New research estimates that air pollution is responsible for 2500 deaths a year in Scotland.
A report from the Royal College of Physicians and the Royal College of Paediatrics and Child Health has shown that 40,000 deaths are attributable to exposure to outdoor air pollution each year across the UK.
And based on this research, Friends of the Earth Scotland calculates this equates to between 2500 and 3500 deaths a year in Scotland.
Emilia Hanna, air pollution campaigner for Friends of the Earth Scotland said: “This new research shows that the previous official figure for how many people die early from air pollution (29,000) underestimated the scale of the problem, and that air pollution is a much more serious public health crisis than previously understood.
“Based on this new research we can estimate that over 2500 people in Scotland are dying early from air pollution each year.
“Breathing in toxic fumes increases the risk of having a heart attack, stroke, or cancer. Children, especially those growing up in urban settings, are forced to breathe in tiny harmful chemicals and studies have shown a link between exposure to nitrogen dioxide and children’s lung development. Air pollution can also cause developing foetuses to fail to grow to their full potential.”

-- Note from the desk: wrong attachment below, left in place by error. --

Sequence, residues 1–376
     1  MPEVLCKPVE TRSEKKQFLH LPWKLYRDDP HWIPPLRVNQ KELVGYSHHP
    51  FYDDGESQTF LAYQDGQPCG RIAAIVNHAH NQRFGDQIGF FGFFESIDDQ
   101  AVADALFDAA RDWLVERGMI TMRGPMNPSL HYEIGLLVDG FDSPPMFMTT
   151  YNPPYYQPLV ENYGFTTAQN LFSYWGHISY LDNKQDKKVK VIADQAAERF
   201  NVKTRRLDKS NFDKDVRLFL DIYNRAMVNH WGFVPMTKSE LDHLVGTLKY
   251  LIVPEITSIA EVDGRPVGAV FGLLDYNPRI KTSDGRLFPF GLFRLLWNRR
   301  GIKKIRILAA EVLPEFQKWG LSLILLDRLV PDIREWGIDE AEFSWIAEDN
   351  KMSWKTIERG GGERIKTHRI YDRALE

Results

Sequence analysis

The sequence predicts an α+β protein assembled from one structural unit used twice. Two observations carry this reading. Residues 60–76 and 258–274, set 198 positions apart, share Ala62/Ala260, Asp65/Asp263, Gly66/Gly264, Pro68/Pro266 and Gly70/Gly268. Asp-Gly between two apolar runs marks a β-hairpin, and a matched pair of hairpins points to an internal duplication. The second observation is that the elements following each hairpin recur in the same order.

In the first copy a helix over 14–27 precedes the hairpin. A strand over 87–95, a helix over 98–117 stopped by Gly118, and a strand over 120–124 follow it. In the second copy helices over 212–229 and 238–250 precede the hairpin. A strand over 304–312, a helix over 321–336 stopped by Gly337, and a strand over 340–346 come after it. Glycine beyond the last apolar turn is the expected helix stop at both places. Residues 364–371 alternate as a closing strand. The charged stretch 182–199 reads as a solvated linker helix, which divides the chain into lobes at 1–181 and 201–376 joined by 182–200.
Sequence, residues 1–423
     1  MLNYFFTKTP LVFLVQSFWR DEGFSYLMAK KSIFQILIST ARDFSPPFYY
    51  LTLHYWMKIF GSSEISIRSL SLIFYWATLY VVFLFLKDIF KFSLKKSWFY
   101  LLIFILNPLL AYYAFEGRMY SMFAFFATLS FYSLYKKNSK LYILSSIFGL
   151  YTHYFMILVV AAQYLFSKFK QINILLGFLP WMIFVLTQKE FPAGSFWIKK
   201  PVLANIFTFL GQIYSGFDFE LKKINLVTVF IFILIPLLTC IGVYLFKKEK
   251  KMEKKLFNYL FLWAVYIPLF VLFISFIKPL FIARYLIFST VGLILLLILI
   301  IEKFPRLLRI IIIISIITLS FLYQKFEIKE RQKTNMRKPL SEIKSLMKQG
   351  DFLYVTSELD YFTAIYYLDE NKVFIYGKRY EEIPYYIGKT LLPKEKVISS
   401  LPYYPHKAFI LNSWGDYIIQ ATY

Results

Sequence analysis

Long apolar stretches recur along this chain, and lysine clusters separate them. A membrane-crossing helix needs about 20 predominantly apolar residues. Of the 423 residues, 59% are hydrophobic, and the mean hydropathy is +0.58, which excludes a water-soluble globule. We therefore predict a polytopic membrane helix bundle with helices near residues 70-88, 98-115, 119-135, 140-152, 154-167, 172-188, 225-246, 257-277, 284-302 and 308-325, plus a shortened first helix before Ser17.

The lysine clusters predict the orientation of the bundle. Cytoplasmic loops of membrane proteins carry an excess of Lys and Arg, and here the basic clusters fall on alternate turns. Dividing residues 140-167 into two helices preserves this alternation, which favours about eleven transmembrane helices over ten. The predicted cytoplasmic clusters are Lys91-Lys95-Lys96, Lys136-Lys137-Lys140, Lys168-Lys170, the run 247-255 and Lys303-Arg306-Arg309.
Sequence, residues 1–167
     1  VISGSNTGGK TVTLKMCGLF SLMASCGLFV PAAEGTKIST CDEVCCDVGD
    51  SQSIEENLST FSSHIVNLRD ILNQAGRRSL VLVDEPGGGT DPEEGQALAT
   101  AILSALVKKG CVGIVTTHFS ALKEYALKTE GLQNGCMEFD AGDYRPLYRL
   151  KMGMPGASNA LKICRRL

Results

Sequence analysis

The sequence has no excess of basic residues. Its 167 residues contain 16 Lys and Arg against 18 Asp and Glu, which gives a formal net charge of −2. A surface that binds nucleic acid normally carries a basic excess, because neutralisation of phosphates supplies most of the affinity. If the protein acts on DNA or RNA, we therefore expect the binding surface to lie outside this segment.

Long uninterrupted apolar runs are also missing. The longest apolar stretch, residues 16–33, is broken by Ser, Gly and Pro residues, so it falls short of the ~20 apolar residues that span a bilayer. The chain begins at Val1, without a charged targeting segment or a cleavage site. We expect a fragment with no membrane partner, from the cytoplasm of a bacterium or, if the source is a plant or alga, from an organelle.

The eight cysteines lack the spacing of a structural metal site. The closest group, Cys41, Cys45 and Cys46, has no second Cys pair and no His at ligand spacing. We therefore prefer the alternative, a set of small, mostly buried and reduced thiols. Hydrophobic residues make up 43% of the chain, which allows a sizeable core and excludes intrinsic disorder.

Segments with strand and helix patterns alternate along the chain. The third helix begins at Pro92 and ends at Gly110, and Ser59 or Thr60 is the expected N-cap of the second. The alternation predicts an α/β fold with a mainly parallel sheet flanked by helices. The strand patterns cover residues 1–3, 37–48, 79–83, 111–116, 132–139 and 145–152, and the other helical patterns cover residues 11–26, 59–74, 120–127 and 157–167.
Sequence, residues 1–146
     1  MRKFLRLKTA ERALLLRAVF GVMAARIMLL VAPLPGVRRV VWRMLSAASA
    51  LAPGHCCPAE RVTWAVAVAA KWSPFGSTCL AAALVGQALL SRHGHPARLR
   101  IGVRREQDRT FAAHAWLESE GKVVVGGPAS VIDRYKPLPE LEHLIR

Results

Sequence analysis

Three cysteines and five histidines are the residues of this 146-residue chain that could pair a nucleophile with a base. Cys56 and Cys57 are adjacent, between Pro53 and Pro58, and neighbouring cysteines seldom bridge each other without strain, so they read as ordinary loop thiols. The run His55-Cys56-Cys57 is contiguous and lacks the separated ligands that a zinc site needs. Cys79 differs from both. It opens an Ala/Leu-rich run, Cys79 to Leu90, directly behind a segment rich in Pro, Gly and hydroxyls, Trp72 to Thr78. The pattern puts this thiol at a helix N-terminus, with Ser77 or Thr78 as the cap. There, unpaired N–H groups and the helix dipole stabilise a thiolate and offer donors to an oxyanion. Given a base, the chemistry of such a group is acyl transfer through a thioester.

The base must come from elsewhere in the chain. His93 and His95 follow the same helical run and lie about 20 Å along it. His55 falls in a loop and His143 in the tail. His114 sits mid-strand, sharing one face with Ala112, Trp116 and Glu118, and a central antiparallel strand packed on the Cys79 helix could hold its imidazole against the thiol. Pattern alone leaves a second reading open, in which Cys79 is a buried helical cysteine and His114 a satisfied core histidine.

She continued: “Traffic is the main cause of today’s air pollution, so the solutions are simple, we need less traffic on the roads and vehicles need to have cleaner emissions.
“The Government must invest more money into sustainable travel modes like walking and cycling so that it is easier for people to do without a car. It must also roll out Low Emission Zones in each major city in the country by 2018, which would ban the most polluting vehicles from city centres.
“It is shocking that despite the overwhelming evidence showing that air pollution is a top killer and that traffic is the key cause, the Scottish Government continues to pour millions of pounds into unnecessary road building.”
She added: “When the Scottish Government decides its budget this Wednesday, this new evidence must make it reinvest a portion of its motorways budget back into walking and cycling projects.”